IF %ERRORLEVEL% NEQ 0 GOTO TROUBLE

ECHO EXITING DONE ROUTINE


:END

ECHO END ROUTINE

> %logfile%

PAUSE

EXIT

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Bill PrewCommented:
Given what you are trying to accomplish, and the fact that this is a scheduled job you are running, I'd like to suggest a different approach.  Rather than embed the logging file name and output redirection in the batch script itself, I often take the approach for scheduled jobs of capturing ALL output from the batch script at the task scheduler command line level.

The basic idea here is we want to run the batch script just like we would from the command line, except we also want to capture all the output from the job to a log file.  This would include any ECHO commands in the script as well as all the output from any programs run.  This is easy to do and typically gives me the best audit trail if things go wrong.

In the Task Scheduler where you are scheduling the job, add the following to the end of the command line you use to run the batch script.  Here's an example.

c:\util\myjob.cmd >"c:\logs\backuplog-%DATE:~10,4%%DATE:~4,2%%DATE:~7,2%_%TIME:~0,2%%TIME:~3,2%%TIME:~6,2%.txt" 2>&1

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Notice we are redirecting all output (both standard output and error output) to a log file of our naming, and adding a date and time stamp to it.  You will likely have spaces in front of the hour for hours less than 10, but that isn't a huge problem really.  I also prefer the date in YYYYMMDD format for sortability.  If this job only runs once a day, you might only need the date in the log file name, not the time.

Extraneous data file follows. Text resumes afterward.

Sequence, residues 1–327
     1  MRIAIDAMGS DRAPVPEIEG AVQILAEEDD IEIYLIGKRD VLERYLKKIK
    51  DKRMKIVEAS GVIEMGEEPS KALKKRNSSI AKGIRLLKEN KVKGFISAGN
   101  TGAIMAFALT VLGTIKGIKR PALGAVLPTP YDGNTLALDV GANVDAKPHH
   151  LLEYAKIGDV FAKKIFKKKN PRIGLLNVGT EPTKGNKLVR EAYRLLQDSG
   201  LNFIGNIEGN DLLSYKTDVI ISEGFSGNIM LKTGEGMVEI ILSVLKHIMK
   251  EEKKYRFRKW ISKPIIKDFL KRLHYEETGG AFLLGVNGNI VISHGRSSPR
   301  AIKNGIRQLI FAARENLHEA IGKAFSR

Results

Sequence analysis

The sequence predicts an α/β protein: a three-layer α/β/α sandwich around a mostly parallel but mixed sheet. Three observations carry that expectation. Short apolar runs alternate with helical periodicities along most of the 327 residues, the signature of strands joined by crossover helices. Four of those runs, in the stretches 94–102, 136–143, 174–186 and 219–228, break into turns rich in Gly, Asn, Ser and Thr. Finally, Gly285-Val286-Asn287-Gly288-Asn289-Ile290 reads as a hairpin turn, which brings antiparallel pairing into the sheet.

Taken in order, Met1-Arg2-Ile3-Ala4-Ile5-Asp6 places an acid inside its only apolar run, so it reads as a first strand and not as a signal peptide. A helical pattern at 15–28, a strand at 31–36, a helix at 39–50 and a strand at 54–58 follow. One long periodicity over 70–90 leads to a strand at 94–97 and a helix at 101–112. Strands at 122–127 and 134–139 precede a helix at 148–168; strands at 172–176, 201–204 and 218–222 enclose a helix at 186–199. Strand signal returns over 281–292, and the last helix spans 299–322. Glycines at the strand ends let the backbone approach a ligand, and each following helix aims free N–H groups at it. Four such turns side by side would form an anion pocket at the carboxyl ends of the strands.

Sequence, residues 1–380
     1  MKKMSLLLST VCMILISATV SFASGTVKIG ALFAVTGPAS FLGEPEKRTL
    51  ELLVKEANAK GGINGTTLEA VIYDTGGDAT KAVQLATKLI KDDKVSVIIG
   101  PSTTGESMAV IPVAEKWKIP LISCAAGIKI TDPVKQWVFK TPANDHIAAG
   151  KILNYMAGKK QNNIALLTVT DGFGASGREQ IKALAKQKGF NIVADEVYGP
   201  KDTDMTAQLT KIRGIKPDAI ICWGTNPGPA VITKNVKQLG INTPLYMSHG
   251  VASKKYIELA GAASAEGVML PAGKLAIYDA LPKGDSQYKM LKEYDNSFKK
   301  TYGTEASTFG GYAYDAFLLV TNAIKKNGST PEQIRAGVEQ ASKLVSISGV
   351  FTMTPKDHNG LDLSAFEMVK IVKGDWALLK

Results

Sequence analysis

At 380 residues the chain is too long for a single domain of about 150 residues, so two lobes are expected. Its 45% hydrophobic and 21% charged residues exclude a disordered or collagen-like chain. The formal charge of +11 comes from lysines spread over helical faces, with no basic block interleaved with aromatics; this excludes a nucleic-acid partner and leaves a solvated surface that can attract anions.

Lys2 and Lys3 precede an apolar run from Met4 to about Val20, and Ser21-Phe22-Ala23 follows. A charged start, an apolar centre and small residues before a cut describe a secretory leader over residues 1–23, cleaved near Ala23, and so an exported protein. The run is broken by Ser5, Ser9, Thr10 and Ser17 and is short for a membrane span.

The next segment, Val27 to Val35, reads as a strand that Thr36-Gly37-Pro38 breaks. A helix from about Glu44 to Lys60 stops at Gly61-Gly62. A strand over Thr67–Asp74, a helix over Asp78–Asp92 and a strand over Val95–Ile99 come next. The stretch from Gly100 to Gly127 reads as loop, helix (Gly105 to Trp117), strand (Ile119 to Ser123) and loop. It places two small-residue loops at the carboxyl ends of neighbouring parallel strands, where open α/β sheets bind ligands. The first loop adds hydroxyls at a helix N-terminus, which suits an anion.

Let me know if this makes sense, I think you'll find it a better way to capture the output of the scheduled job.

~bp
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Steve KnightIT ConsultancyCommented:
Bill,

I agree is easier, but that is pretty well what the guy is already doing from his original question, the only reason I digressed was to show how we could go if he wants to get rid of the space in dd or mm then to run it through another batch to amend the date/time format.

In my post http:#35092516 I said to continue this way he most likely just needs to add " " around the filename that he is already using.

In http:#35114593 lasthope, if you add ( before line 1 and before the > on line 68 that should capture anything from inbetween.  Adding 2 >&1 after the existing >%logfile% will also capture error output like Bill says.

Steve
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lasthopeAuthor Commented:
All working now. Just needed to get everything in the right place.

Thanks again for the great assistance with this!